1968: Czechoslovakia

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The Independent Culture
ON THE night of 20 August 1968, the Warsaw Pact armies invaded Czechoslovakia from the north, south and east. Parachutists and airborne troops seized Prague airport. Armoured divisions and motorised infantry drove into Prague and Bratislava, Brno, Ostrava and Plzen. The Czechoslovak armed forces were ordered not to resist. Alexander Dubcek and his colleagues, guilty of devising "Communism with a human face", were arrested and flown to an unknown destination.

Next morning, the population poured into the streets of Prague. They wept, waved flags and chanted in protest. They spat at the dusty steel sides of the tanks, and sang patriotic songs. The tank turrets were like pulpits. Around them surged an angry congregation of Czechs. The Soviet soldiers above them were hardly given a chance to preach - but there were some who answered the roar of accusations and made themselves heard.

A small, tanned soldier gave his view. "Listen," he said patronisingly. "You Czechs are just a tiny little country with tiny problems. We are a big country with big problems. So it's natural that you will never understand why we have come here."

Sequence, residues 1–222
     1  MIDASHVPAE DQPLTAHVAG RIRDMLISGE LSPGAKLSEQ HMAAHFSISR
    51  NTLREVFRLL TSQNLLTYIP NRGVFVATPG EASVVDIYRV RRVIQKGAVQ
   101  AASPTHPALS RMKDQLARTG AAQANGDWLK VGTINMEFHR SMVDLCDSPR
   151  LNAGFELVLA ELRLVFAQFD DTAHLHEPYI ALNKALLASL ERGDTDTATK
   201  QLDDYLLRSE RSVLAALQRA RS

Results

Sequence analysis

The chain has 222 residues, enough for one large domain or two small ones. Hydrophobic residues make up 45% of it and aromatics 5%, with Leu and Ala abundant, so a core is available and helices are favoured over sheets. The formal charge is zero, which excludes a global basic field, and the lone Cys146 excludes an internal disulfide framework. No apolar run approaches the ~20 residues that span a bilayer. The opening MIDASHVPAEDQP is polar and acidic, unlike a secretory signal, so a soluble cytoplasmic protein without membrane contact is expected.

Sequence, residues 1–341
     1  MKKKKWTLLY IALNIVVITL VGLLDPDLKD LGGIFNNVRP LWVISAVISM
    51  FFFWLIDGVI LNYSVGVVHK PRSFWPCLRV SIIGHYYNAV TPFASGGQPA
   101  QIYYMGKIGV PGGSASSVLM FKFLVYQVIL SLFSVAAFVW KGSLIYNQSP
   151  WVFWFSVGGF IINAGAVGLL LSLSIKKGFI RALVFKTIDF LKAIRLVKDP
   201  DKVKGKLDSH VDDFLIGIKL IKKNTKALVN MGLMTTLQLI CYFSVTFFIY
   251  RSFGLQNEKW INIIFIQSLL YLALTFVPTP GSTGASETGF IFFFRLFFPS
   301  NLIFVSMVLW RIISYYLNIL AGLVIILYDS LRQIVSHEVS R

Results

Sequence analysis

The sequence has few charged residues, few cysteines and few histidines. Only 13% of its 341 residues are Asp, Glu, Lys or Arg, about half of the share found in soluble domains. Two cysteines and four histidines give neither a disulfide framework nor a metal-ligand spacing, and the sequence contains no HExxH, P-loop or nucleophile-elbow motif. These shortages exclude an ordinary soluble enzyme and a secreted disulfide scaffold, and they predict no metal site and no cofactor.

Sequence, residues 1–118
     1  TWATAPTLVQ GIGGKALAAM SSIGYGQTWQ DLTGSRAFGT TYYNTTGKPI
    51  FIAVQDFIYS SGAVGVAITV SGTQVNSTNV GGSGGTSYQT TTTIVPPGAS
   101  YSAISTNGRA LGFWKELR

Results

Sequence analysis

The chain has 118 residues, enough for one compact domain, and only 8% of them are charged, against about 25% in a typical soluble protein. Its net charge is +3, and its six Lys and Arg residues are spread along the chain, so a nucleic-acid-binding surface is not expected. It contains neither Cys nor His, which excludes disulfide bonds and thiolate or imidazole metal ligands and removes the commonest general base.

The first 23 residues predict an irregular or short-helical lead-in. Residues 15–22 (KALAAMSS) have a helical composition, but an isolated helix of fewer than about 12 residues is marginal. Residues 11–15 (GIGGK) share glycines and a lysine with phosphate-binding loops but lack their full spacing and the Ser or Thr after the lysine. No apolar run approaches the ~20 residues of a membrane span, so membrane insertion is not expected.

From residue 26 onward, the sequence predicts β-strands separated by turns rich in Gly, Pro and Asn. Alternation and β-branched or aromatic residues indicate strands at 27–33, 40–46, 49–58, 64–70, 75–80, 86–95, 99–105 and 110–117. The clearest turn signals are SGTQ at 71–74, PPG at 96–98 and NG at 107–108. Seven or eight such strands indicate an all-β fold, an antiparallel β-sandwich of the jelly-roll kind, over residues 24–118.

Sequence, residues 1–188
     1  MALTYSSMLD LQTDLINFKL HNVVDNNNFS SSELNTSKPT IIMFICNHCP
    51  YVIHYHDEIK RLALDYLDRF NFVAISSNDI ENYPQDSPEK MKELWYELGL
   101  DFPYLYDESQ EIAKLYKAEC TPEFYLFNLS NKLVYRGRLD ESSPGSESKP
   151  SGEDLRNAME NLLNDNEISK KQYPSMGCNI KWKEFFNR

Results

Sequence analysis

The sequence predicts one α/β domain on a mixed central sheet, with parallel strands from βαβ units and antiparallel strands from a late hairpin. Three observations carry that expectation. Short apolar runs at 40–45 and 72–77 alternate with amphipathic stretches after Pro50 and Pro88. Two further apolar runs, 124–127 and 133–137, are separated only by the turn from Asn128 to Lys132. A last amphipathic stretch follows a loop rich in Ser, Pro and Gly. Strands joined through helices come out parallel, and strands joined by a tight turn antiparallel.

Most of the occupiers were Russians. But there were East German, Polish, even some Hungarian units. In a meadow outside the town of Kolin, I found Polish tanks parked in a neat row. The officers' faces were ugly with rage and shame. "The Czechs had it easy in the war," they said shrilly. "Now they can learn what real occupation means!"

Civil resistance spread. In Prague, the city tramlines were used as a gigantic aerial for the clandestine broadcasts of Czechoslovak Radio. The walls disappeared under angry posters: "Zachvatchiki domoi!" - "Invaders, go home!" Street names vanished, like the names above doorbells, to frustrate the arrest squads. There was a curfew, and mysterious gunfire volleys in the dark. People gathered for brave curfew parties which went on till dawn, but nobody thought for a moment that the outside Western world would lift a finger to save them.

Stupidly, I quoted to a taxi driver the motto of Jan Hus: "Truth will prevail." I caught his small, grey eye in the cab mirror. "It most certainly will not prevail," he replied without heat. He was right for the next 20 years.